Monthly Archives: February 2011

The Roles of Women in Nigerian Political Campaigns

In Nigeria women are usually the strongest political supporters during campaigns, but when women try to run for a political office they do not gain support.  When women decide to run for political positions they are viewed as less feminine, because political positions in Nigeria are a man’s domain.  Ms. Saraki is running for political office now, and the opposition group is looking to discredit her by posting a picture of a nude woman with Ms. Saraki face superimposed onto it in conservative areas such as in Muslim communities.  Another example about how women political candidates are treated is seen by Ms. Jibril who has run for the presidency unsuccessfully four times, and this last time she gain one vote.  The women political candidates in Nigeria are questioning why the international aid to help elect women political leaders around the world is not going to the Nigerian women in their campaigns.

Ronnie Miller

More Info on Abortion in U.S. Prisons

Abortion Rights for Prisoners
Historical Background – – key cases
Griswold v. Connecticut – – 381 US 479 (1965)
Invalidated a law prohibiting contraception by married couples

–Eisenstadt v. Baird – – 405 US 438 (1972)
Extended right to use contraception to unmarried people
–Right to privacy is not a marital right
–Equal protection of the laws – -extends w/out regard to marital status
–Roe v. Wade – – 410 US 413 (1973)
Right to privacy extended to abortion decisions
Limitations (balancing rights of state/mother/fetus)
–right to abortion was not seen as absolute
–1st trimester abortions are “free of interference by state”
–After 1st trimester, states can “regulate the abortion procedure to the extent that regulation reasonably relates to the preservation and protection of maternal health”
–Planned Parenthood v. Casey – – 505 US 833, 873 (1992)
Rejected Trimester Framework – – undue burden standard
Dr. must tell patient about consequences to fetus
Upheld mandatory 24 hour waiting period between decision and abortion procedure
Struck down spousal notification requirement
Upheld parental consent for minors
Upheld record keeping requirement
Women do not need to explain their refusal to inform spouse of abortions
Estelle v. Gamble – – 429 US 97 (1976)
–Case involved J. W. Gamble’s Back injury in TDOC
–He argued that he got inadequate medical treatment
–Supreme Court did not grant relief to Gamble
–Court set two-fold criteria for inadequate medical care
–8th Amendment violations must demonstrate
1. That prisoner has a “serious medical need”
–E.g., severed ear, allergic reaction to penicillin, leg surgery
2. That prison officials acted with “deliberate indifference”
–E.g., no liability if official acted w/out “malice” or if denial of medical treatment was due to a “good faith mistake” (accidents do not count)
Turner v. Safley – – 482 US 78 (1987) – marital case
–A balancing test to determine if prisoner’s rights can be significantly curtailed
–“When a prison regulation impinges on inmates’ constitutional rights, the regulation is valid if it is reasonably related to legitimate penological interests”
1. Valid/rational connection between regulation & government interests to be served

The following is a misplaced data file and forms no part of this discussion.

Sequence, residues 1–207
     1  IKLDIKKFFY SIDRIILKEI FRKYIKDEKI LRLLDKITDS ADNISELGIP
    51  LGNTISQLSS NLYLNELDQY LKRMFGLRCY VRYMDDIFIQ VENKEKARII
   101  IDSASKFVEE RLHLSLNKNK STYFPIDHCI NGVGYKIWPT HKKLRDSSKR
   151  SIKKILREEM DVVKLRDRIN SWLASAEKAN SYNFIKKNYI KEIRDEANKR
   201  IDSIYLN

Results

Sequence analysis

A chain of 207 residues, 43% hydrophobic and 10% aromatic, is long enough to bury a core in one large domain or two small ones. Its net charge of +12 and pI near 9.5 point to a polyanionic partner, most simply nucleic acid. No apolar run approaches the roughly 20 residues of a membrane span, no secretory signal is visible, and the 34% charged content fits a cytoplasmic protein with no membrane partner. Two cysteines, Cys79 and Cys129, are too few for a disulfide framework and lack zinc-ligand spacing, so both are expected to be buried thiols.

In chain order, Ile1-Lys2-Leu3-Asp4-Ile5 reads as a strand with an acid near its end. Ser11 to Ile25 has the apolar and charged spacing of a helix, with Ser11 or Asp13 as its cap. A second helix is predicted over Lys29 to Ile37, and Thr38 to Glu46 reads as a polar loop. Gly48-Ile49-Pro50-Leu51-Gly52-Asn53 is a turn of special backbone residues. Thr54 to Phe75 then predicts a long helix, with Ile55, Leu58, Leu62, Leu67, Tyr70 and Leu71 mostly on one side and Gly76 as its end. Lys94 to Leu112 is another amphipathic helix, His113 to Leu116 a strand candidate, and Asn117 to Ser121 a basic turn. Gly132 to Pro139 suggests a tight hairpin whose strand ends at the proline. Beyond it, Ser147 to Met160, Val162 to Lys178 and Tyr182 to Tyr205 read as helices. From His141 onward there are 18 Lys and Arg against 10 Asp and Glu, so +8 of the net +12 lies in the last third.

2. Whether prisoner has alternative means to exercise rights
3. Whether accommodating right will have serious consequences on guards, prisoners, or allocation of prison resources in general
4. Whether there are alternative means to accommodate prisoners’ rights
Monmouth County Corr. Institution Inmates v. Lanzaro – – 486 US 1006 (1988)
–This case involves the issue of elective abortion
–Estelle v. Gamble standard applied to elective abortions
Pregnancy seen as serious medical need
Turner v. Safley – – standard applies to elective abortions
Denial or delay of elective abortion is not reasonably related to any legitimate penological interests
–No logical connection between abortion and security
–No alternative means for inmate to obtain abortion
–Providing abortion will not adversely impact prison resources (saves $)
–Thus, this case combined Estelle & Turner to hold that the right to an elective abortion is a constitutional right that may not be impinged upon by prison regulation (County must pay)
More recent issues
–Pregnant inmates are to be counseled on availability of abortions – – required
–Wardens are required to offer medical, religious, and social counseling to aid in prisoner’s decision making
–Prisoners need only to inform unit managers of her desire to seek abortions and arrangements are made (no 24 hr wait period) with a mandate for the state to coordinate all care
–If financially unable or unwilling to pay for abortion, county must still pay as per Monmouth Case
Policy Implications
–1. Administratively, prisons find it easier to deal with prison populations that are uncomplicated by pregnancies
No need for better nutrition, maternal clothing, prenatal care, medical care for labor/delivery
–2. Most prisons do not allow mothers and babies to remain together – – goes against polices that support intact families
–3. There may be an unspoken policy that encourages prisoners to have abortions – – prisoners and their babies may be seen as undesirables
4. Abortions potentially saves $ (no AFDC, Medicaid,…)
Courtesy of the Department of Criminal Justice at East Carolina University
-Lenna Jones